Cost for University of Iowa Dean Search Tops Iowa State President Search

"Stiff competition" helped drive up the costs for a new business school dean. The cost for that search was more than Iowa State paid to find a new president, Steven Leath.

Costs for finding a new Tippie College of Business dean at nearly hit $200,000. That is more than Iowa State University spent to find a new university president and more than four recent high-profile staff searches combined at UI.

UI concluded its search for a business dean earlier this year with the selection of Sarah Gardial, former vice provost at University of Tennessee. That search cost $194,205, including $166,578 for the services of search firm, Korn/Ferry International.

Paying for a search firm, which did not come from taxpayer dollars, was due to more competition in that field, a university spokesman said.

"There is stiff competition from other highly sranked colleges, business, and government financial organizations," spokesman Tom Moore said.

Over in Ames, Iowa State University spent about $133,000 in the hiring last year of school president, Steven Leath. That includes $95,000 for the search firm Parker Executive Search of Atlanta.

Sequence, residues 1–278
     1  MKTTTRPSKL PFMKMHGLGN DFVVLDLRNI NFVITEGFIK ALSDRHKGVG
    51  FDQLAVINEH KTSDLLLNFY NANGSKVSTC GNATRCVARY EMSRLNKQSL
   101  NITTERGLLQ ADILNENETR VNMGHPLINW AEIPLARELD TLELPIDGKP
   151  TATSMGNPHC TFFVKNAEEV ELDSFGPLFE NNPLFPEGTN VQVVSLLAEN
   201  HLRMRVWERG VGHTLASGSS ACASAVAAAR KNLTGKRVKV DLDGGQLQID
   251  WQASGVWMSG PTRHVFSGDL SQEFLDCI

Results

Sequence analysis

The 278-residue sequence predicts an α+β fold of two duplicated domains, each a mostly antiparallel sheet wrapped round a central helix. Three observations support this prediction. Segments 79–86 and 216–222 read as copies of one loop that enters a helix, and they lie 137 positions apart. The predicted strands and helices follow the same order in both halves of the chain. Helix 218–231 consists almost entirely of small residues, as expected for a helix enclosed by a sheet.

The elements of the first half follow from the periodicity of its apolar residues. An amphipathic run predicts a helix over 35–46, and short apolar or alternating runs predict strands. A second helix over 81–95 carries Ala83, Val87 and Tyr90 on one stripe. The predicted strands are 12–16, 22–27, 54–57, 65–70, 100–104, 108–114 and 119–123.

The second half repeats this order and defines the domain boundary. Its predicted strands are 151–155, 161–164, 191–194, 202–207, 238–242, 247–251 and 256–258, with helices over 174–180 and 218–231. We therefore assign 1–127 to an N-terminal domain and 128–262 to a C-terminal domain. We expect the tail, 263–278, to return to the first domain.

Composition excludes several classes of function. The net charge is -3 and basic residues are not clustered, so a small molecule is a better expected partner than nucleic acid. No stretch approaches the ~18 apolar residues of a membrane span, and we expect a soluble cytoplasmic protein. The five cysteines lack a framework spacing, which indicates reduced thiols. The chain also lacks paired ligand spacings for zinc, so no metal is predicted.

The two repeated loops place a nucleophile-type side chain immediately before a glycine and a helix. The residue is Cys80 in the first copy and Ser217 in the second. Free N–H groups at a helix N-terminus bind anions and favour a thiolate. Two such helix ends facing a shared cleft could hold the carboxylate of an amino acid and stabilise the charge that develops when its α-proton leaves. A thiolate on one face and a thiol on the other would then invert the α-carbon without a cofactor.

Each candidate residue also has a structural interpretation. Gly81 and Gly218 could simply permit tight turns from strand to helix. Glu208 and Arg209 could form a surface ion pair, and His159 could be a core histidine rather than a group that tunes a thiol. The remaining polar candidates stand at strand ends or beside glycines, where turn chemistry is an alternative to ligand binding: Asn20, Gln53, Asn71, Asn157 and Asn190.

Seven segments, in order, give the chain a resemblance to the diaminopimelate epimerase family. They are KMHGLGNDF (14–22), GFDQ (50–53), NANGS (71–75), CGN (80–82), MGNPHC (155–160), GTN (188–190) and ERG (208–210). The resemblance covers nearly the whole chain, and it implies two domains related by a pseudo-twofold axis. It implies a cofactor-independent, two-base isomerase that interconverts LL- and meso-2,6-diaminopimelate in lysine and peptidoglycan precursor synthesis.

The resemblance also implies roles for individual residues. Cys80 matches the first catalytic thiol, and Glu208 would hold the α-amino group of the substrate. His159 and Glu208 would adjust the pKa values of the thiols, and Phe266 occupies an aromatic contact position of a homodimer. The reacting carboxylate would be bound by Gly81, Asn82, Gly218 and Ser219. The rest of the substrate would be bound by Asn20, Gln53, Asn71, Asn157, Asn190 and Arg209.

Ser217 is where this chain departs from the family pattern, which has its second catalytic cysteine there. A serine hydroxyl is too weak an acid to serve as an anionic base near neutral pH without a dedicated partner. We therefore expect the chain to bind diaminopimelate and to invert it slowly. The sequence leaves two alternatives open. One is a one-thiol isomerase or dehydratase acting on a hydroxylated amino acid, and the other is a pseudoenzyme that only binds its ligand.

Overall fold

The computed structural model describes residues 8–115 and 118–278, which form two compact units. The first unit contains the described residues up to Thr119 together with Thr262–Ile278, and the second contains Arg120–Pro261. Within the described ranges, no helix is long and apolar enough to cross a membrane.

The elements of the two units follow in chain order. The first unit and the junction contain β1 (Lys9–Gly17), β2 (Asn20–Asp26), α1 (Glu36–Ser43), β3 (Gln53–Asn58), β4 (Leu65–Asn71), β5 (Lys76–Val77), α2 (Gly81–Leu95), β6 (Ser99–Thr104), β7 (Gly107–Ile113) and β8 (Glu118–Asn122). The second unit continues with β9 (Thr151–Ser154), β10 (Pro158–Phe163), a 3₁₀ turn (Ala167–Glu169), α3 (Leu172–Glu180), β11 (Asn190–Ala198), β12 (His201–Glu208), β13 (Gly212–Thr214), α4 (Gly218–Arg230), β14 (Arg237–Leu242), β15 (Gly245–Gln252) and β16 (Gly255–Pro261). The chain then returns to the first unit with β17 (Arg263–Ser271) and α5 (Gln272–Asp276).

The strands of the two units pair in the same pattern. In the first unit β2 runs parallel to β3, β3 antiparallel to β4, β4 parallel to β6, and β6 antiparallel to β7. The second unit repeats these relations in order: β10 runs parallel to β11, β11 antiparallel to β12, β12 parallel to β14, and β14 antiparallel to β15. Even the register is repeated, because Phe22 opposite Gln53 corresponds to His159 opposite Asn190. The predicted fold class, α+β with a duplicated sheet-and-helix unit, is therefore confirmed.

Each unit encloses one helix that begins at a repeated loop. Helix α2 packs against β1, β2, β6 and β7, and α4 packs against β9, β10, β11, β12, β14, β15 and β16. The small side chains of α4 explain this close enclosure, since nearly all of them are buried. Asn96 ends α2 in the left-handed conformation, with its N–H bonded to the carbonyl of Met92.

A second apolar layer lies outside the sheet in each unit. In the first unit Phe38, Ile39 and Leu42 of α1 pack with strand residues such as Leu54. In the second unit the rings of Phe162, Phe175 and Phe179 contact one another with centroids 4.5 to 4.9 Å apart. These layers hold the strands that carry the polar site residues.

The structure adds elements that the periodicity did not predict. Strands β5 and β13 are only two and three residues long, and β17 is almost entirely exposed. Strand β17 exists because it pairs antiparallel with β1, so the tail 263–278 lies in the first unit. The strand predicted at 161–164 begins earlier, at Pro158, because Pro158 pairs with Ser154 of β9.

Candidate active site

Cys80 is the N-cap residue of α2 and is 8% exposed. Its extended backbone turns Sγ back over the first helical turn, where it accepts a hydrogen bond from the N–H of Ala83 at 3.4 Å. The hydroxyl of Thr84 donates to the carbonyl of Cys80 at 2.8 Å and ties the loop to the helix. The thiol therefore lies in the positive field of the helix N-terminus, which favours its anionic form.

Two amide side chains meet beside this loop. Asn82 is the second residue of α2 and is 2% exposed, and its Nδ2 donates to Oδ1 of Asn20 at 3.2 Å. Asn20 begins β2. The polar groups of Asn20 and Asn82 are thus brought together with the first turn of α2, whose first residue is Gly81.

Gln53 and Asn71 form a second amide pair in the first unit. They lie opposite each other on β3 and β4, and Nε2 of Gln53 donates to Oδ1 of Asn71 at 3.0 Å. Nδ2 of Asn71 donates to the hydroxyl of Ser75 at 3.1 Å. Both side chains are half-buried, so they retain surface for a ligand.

A search firm was not used in the search for two other recent UI dean searches, which is the major cost difference, Moore said. UI paid $43,000 to find the new College of Liberal Arts and Sciences dean, , an external candidate, and $26,000 during the hiring of College of Engineering dean, Alec Scranton, who was an in-house candidate.

UI also did not use search firms in its two most recent provost hires, Moore said. UI spent about $55,000 in the search for external candidate Wallace Loh in 2008, and about $13,000 in the search for current provost Barry Butler, who was an in-house candidate selected in 2011. Deans report to the provost, who is essentially the second-in-command after the school president.

Those four searches combined were roughly $137,000.

"The university continues to do an excellent job of filling many important leadership positions in a cost-effective manner," Moore said.


More »
Got a question? Something on your mind? Talk to your community, directly.
Note Article
Just a short thought to get the word out quickly about anything in your neighborhood.
Share something with your neighbors.What's on your mind?What's on your mind?Make an announcement, speak your mind, or sell somethingPost something
See more »